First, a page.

This poster on the UKCCSRC Call 2 project Advanced Sorbents for CCS via Controlled Sintering was presented at the CSLF Call project poster reception, London, 27.06.16. Grant number: UKCCSRC-C2-206. Calcium looping shows significant promise for CO2 capture. The process can lead to an energy penalty as low as 6 - 8 % including the compression of the lean CO2 stream, compared to 9.5 - 12.5 % for amine-based post-combustion capture. To implement this technology on an industrial scale, a large quantity of CaO-based sorbent will be required, therefore the sorbent must be capable of being regenerated and reused.
This presentation on the UKCCSRC Call 1 project, North Sea aquifer mapping, was presented at the Cambridge Biannual, 02.04.14. Grant number: UKCCSRC-C1-30.
This poster on the UKCCSRC Call 2 project, Towards more flexible power generation with CCS, was presented at the Cranfield Biannual, 21.04.15. Grant number: UKCCSRC-C2-214.
EU is required to reduce its CO2 emissions by 8% by 2008-2012, later deeper cuts are foreseen. CO2 underground storage is one of the few options that can meet these obligations. The present project investigates four new potential cases for CO2-reservoirs, mainly on land. It will continue reservoir simulations and study geochemical reactions to develop final-fate prediction models. This will be supported by new seismic observations. At the same time gravimetrics is introduced as a new method better suited on land. This proposal builds directly on the Thermie/5FP SACS2 project results, which involved monitoring and modelling the injection of CO2 into the Utsira Sand aquifer, at Sleipner gas field, offshore Norway.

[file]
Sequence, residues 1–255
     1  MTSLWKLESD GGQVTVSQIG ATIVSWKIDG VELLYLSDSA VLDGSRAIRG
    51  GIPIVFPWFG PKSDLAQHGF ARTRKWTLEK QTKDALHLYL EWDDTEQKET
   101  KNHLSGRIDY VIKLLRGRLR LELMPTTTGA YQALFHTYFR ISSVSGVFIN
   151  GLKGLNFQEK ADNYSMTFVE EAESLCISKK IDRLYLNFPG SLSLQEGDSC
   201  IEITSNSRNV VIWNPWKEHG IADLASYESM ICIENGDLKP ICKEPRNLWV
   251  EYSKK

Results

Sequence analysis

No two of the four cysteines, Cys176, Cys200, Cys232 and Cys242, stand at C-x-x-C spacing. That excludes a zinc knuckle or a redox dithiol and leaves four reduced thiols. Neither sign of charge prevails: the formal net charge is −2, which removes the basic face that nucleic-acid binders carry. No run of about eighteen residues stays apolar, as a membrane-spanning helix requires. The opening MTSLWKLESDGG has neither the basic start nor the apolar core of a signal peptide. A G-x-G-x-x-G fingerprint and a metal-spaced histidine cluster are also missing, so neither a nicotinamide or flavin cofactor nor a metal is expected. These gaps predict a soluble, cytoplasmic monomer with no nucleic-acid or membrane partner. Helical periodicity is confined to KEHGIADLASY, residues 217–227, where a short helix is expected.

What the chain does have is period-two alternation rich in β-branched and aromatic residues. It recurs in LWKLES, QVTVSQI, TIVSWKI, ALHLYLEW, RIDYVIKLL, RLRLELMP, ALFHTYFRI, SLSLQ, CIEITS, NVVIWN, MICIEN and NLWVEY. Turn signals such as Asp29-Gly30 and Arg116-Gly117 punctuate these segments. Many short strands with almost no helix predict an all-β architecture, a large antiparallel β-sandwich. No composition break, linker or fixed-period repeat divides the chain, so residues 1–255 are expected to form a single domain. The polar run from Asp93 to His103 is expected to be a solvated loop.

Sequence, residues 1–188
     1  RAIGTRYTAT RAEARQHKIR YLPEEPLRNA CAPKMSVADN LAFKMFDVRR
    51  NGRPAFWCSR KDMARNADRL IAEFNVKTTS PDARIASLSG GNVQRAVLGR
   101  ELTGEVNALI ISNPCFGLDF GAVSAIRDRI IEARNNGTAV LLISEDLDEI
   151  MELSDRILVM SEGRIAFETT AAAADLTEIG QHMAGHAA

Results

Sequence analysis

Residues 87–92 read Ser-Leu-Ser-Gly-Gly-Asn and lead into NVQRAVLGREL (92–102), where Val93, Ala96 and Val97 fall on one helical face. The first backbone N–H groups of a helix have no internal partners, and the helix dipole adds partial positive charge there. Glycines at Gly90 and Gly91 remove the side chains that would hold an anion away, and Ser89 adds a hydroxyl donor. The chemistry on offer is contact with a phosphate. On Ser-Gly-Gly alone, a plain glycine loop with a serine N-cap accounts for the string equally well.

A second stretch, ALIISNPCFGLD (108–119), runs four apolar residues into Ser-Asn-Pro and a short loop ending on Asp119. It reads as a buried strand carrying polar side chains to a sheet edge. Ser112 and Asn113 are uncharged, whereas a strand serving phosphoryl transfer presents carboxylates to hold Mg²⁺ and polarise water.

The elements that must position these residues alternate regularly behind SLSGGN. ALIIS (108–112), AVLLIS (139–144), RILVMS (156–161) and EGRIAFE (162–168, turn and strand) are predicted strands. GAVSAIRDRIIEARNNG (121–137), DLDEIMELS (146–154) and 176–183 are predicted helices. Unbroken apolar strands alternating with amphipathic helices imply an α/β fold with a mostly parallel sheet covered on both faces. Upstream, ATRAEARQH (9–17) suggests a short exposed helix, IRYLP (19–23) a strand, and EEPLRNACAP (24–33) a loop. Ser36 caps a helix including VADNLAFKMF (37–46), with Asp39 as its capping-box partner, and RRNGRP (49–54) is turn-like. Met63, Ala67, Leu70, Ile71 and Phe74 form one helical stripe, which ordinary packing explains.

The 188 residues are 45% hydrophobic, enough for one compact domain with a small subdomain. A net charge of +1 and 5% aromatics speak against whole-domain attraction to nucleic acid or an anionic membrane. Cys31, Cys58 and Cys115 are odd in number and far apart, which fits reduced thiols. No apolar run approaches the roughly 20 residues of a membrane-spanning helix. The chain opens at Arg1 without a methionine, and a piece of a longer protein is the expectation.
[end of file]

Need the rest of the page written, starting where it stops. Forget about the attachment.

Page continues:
This report presents a set of pragmatic and workable generic procedures, suggested best practices and other recommendations and observations for the safe and sustainable closure of geological CO2 storage sites. These have been distilled from the results of the CO2CARE project and represent the most important messages that will be of benefit to Regulators, storage site Operators and other stakeholders. The report can be downloaded from http://nora.nerc.ac.uk/512805/
This poster on the UKCCSRC Call 2 project, CO2 Flow Metering through Multi-Modal Sensing and Statistical Data Fusion, was presented at the Cardiff Biannual, 10.09.14. Grant number: UKCCSRC-C2-218.
Data derived from UKCCSRC Call 2 Project C2-181. The journal article can be found at https://doi.org/10.1016/j.ijhydene.2017.05.222. The sorption enhanced steam reforming (SE-SMR) of methane over the surface of 18 wt. % Ni/Al2O3 catalyst and using CaO as a CO2-sorbent is simulated for an adiabatic packed bed reactor. The developed model accounts for all the aspects of mass and energy transfer, in both gas and solid phase along the axial direction of the reactor. The process was studied under temperature and pressure conditions used in industrial SMR operations. The simulation results were compared with equilibrium calculations and modelling data from literature. A good agreement was obtained in terms of CH4 conversion, hydrogen yield (wt. % of CH4 feed), purity of H2 and CO2 capture under the different operation conditions such as temperature, pressure, steam to carbon ratio (S/C) and gas mass flux. A pressure of 30 bar, 923 K and S/C of 3 can result in CH4 conversion and H2 purity up to 65% and 85% respectively compared to 24% and 49% in the conventional process.